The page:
MySQL Tutorials for Business Analyst: MySQL Aggregate Functions Tutorial

Aggregate Functions are all about

  • Performing  calculations on multiple rows
  • Of a single column of a table
  • And returning a single value.


The ISO standard defines five (5) aggregate functions namely;

2) SUM
3) AVG
4) MIN
5) MAX


Why use aggregate functions.

From a business perspective, different organization levels have different information requirements. Top levels managers are usually interested in knowing whole figures and not necessary the individual details.

Aggregate functions allow us to easily produce summarized data from our database.

For instance, from our myflix database , management may require following reports

  • Least rented movies.
  • Most rented movies.
  • Average number that each movie is rented out in a month.

We easily produce above reports using aggregate functions.

Let’s look into aggregate functions in detail.


COUNT Function

The COUNT function returns the total number of values in the specified field. It works on both numeric and non-numeric data types. All aggregate functions by default exclude nulls values before working on the data.

COUNT (*) is a special implementation of the COUNT function that returns the count of all the rows in a specified table. COUNT (*) also considers Nulls and duplicates.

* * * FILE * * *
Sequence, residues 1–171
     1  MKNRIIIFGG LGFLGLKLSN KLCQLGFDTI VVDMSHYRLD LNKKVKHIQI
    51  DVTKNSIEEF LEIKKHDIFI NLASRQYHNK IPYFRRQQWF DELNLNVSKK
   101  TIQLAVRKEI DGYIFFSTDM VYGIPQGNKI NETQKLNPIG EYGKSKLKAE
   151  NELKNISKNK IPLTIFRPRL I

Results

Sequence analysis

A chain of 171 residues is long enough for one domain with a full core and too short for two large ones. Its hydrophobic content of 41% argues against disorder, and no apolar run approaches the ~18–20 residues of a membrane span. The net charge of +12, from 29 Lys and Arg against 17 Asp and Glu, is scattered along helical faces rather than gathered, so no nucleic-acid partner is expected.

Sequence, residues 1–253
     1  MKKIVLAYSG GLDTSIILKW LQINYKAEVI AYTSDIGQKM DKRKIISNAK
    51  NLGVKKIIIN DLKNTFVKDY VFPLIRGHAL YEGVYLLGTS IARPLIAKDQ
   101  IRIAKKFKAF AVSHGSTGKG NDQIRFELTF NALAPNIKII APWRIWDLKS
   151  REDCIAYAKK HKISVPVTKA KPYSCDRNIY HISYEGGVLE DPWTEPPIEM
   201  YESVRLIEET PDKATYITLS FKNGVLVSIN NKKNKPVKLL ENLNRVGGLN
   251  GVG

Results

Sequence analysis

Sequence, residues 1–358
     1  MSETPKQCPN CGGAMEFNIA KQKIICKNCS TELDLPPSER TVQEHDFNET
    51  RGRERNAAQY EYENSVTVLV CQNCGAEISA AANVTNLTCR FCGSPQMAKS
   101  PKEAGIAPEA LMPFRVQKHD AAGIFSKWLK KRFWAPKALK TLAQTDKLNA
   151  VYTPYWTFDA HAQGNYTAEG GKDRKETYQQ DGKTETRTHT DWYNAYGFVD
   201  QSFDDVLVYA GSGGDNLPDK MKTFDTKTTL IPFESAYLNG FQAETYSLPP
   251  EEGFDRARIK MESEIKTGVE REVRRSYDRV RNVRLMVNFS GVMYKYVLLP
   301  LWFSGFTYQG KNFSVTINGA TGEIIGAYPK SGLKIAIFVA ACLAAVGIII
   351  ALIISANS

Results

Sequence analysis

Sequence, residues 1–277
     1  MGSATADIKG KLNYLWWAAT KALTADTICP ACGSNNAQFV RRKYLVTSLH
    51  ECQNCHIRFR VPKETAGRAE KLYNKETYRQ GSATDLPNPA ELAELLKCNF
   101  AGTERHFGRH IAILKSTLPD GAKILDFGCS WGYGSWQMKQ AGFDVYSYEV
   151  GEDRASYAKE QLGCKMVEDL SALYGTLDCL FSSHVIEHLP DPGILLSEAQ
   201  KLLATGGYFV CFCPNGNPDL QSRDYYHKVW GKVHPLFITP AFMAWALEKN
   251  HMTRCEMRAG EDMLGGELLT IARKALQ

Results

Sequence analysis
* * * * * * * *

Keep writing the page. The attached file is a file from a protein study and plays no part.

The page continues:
The table shown below shows data in movierentals table

reference_ number transaction_ date return_date membership_ number movie_id movie_ returned
11 20-06-2012 NULL 1 1 0
12 22-06-2012 25-06-2012 1 2 0
13 22-06-2012 25-06-2012 3 2 0
14 21-06-2012 24-06-2012 2 2 0
15 23-06-2012 NULL 3 3 0

Let’s suppose that we want to get the number of times that the movie with id 2 has been rented out

SELECT COUNT(`movie_id`)  FROM `movierentals` WHERE `movie_id` = 2;

Executing the above query in MySQL workbench against myflixdb gives us the following results.



The DISTINCT keyword that allows us to omit duplicates from our results. This is achieved by grouping similar values together .

To appreciate the concept of Distinct, lets execute a simple query

SELECT `movie_id` FROM `movierentals`;

Now let’s execute the same query with the distinct keyword –

SELECT DISTINCT `movie_id` FROM `movierentals`;

As shown below , distinct omits duplicate records from the results.



MIN function

The MIN function returns the smallest value in the specified table field.

As an example, let’s suppose we want to know the year in which the oldest movie in our library was released, we can use MySQL’s MIN function to get the desired information.

The following query helps us achieve that

SELECT MIN(`year_released`) FROM `movies`;


Executing the above query in MySQL workbench against myflixdb gives us the following results.


MAX function

Just as the name suggests, the MAX function is the opposite of the MIN function. It returns the largest value from the specified table field.

Let’s assume we want to get the year that the latest movie in our database was released. We can easily use the MAX function to achieve that.

The following example returns the latest movie year released.

SELECT MAX(`year_released`)  FROM `movies`;


Executing the above query in MySQL workbench using myflixdb gives us the following results.



SUM function

Suppose we want  a report that gives total  amount of payments made so far. We can use the MySQL SUM function which returns the sum of all the values in the specified columnSUM works on numeric fields onlyNull values are excluded from the result returned.

The following table shows the data in payments table-